Posthum - The Black Northern Ritual - (4/10)
Published on January 2, 2015
Despite its illustrious history and interminable effects on black metal, the Norwegian scene seems to have evened out in recent years, or worse, deteriorated, considering its lack of fresh ideas and the comparatively inferior quality of modern albums. Posthum’s latest album, The Black Northern Ritual, so auspiciously named, and complete with imagery and even band photos that point to a promising postmodern direction, actually turns out to be yet another nail in the coffin, a fact that shouldn’t come as a surprise in light of the band’s previous work, which in case you missed it, isn’t anything to write home about.
Perhaps the joke is on me considering that fact, but Indie Recordings is home to such greats as Solefald, Vreid, and Kampfar, which seems all the more confusing as to how a second-rate band can be labelmates with the cream of the crop. Even so, this is still a frustrating album to listen to because in it one can detect moments of greatness, seeds from which even greater structuring and songwriting can sprout but instead end in stunted growth, withering away at other times into dead ends that beget yet more dead ends. Take the final track, ”North,” for example, which wastes several minutes with boring power chords before a rolling, throbbing Aeternus rhythm steals the show, arguably one of the finest moment on the album, but then alternates with anticlimactic riffs (I suppose for dramatic effect) before lazily terminating with a fadeout of the same riff.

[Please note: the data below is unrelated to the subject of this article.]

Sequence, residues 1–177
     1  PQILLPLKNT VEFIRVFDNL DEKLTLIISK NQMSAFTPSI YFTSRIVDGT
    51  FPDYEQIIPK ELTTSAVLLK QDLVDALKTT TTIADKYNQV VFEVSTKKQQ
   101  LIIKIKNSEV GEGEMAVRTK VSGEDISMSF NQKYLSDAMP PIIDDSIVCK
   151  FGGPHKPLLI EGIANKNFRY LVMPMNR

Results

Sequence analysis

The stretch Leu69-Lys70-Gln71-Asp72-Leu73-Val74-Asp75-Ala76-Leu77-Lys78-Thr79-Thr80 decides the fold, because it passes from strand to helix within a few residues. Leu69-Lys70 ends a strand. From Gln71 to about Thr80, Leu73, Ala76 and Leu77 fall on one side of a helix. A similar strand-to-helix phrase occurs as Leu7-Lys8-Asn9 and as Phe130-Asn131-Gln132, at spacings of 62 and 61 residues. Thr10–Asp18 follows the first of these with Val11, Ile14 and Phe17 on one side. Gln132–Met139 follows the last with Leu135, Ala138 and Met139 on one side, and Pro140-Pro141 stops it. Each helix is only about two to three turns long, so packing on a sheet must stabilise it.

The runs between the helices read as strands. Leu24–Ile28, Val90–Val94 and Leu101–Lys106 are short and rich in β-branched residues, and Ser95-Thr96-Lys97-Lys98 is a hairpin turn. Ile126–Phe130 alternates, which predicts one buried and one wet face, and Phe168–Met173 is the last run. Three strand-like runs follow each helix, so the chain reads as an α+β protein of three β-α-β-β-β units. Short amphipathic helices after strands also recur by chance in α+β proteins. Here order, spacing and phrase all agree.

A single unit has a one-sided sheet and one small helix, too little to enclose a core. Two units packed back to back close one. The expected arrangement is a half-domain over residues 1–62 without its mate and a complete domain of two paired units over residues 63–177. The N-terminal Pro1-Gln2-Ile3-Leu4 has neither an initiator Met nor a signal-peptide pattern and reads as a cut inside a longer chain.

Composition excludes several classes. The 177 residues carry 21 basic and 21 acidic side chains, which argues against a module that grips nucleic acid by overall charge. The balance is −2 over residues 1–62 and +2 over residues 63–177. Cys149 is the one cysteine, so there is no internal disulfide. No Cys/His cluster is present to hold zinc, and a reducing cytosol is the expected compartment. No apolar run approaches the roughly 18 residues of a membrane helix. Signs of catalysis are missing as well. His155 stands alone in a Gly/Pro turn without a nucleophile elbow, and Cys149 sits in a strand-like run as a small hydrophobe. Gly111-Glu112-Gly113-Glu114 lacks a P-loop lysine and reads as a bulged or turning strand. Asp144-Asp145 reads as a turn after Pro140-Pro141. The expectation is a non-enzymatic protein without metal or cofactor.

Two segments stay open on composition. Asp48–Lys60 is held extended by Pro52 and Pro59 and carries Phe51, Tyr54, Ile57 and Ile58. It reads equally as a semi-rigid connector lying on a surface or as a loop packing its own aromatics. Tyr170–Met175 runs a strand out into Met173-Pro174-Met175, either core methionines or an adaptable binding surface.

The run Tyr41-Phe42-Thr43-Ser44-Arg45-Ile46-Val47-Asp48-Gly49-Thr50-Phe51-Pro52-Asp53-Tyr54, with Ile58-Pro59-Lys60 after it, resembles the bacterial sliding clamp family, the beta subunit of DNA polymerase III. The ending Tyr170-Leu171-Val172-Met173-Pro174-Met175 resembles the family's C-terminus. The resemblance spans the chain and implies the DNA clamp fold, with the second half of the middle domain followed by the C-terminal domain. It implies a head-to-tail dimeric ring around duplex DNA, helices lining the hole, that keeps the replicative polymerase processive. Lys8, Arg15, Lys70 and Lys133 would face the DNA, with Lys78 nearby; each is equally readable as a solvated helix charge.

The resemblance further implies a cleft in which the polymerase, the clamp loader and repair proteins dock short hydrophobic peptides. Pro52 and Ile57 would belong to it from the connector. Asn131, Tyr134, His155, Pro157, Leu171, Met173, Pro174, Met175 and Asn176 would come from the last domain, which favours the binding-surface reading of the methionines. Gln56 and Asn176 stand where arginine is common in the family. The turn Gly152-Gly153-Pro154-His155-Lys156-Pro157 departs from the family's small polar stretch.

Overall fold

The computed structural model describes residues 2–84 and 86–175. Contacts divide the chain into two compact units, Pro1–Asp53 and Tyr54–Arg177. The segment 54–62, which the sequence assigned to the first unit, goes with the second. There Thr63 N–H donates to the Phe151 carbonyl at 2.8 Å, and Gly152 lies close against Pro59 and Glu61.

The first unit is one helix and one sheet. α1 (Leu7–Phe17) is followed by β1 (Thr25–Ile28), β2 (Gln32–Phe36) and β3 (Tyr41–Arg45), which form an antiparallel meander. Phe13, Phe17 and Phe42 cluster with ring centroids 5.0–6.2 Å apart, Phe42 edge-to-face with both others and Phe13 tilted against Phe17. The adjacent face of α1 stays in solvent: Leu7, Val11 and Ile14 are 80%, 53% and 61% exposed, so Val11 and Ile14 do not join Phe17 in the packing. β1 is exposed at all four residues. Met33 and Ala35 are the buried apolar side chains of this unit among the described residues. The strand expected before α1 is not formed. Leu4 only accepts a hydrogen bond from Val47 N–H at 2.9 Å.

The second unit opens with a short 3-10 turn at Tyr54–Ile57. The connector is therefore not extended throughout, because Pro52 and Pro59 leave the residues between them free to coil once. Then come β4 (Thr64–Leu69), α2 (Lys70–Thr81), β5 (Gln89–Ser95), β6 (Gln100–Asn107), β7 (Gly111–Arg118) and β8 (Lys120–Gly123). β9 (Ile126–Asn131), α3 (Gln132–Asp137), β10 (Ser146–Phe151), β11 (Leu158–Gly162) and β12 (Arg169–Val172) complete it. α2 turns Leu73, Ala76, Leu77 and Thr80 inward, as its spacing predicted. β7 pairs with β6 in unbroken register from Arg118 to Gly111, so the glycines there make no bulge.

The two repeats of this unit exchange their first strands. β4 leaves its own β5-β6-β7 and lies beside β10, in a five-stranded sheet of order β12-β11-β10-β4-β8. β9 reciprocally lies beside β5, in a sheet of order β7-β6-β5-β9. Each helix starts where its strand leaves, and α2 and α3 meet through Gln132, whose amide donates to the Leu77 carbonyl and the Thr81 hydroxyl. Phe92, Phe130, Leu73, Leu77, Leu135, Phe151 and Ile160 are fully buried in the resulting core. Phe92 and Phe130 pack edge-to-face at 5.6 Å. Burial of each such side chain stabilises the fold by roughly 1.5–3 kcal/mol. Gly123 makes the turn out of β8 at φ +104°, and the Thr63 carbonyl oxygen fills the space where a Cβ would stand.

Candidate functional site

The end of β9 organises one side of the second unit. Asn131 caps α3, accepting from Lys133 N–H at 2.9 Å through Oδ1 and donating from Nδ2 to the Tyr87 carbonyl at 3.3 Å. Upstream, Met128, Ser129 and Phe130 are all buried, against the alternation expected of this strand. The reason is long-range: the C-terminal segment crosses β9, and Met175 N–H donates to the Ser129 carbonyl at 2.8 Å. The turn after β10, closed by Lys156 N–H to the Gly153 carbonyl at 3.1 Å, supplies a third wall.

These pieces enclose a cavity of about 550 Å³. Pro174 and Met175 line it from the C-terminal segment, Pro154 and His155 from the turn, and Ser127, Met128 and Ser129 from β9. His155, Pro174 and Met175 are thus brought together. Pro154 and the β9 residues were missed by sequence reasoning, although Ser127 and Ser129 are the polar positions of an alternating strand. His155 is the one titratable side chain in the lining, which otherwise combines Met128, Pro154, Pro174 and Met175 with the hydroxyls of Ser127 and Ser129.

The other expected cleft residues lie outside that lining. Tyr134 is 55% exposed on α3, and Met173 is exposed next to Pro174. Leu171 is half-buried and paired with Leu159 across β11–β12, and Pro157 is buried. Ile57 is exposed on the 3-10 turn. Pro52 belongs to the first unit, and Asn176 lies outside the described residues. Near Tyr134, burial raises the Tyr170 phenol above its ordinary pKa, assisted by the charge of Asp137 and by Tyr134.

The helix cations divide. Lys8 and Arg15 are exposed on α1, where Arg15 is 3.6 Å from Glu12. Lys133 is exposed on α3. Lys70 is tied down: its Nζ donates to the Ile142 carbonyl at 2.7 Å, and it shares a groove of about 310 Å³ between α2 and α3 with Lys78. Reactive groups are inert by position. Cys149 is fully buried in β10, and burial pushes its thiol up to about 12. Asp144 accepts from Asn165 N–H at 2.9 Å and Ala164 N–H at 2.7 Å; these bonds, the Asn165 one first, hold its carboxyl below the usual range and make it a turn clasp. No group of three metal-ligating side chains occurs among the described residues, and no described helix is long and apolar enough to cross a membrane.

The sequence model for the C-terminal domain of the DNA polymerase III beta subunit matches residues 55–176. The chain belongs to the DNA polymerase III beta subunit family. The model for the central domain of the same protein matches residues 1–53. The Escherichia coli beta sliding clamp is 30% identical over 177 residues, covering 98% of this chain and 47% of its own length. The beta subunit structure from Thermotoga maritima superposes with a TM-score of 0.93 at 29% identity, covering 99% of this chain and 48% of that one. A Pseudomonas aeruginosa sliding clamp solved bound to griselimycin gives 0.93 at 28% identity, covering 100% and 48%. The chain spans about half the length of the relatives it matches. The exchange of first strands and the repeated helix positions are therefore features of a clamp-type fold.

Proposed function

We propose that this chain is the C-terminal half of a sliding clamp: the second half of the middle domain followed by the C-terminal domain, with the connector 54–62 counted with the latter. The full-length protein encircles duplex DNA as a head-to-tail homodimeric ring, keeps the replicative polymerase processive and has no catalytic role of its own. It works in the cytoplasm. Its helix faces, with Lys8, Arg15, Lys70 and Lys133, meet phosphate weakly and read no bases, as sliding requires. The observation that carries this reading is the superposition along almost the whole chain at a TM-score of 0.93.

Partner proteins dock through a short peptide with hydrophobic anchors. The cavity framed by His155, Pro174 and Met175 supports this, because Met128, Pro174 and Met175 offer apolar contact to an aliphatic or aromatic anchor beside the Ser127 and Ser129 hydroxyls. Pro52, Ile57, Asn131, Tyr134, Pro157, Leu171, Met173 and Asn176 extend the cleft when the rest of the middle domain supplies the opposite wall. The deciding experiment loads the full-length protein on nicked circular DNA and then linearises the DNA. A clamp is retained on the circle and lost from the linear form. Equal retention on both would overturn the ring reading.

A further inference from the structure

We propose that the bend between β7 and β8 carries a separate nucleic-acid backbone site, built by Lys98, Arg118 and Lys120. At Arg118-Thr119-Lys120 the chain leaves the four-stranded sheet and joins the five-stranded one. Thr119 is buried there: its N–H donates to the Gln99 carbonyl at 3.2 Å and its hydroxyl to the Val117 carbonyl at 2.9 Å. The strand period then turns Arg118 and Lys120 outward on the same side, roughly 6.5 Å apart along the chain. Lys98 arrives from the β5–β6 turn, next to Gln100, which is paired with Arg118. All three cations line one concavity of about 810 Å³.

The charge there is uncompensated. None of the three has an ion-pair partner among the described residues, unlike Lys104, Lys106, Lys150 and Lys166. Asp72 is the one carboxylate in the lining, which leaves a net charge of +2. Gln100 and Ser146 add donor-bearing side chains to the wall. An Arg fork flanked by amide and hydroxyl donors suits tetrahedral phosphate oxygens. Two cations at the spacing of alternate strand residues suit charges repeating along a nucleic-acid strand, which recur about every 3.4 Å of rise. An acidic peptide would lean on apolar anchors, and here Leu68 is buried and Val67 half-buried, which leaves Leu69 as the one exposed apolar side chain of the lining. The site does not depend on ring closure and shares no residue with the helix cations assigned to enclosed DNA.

The album’s other fine moment (yes, there are only two) would be “To the Pits,” which in its entirety is a standout track, perhaps because the DSBM tendencies, identified by somber yet uplifting melodies and affecting leads, would be proudly boasted in any band’s discography so with that Posthum has achieved a small victory. Some of these characteristics, too, can be found throughout the rest of the album, such as on the title track, but it takes far too long to get to those points, with riffs that really don’t go anywhere interesting, while other tracks (“Vinter”) just seem regurgitated Nordic fluff with barebones drum patterns that are laughable in their attempt to be epic.
“A Disappearing Sun” is simply too catchy and jovial, in contrast to the mostly mid-paced, icy direction the band has taken, and it’s here when one of the album’s main problems finally clarifies: the vocals. Arguably mixed too high and delivered at a very strained and over-emphatic manner, Jon is more a liability than an asset, despite his role as guitarist, and it underlines the fact that Posthum is simply trying too hard. Indeed, this is the kind of basement black metal that should’ve taken cues from the isolationist backdrop of its own subgenre, especially since none of the self-applied “progressive” or “ambient” elements are even present, which makes the album all the more of an inflated and self-important release than what you might typically encounter.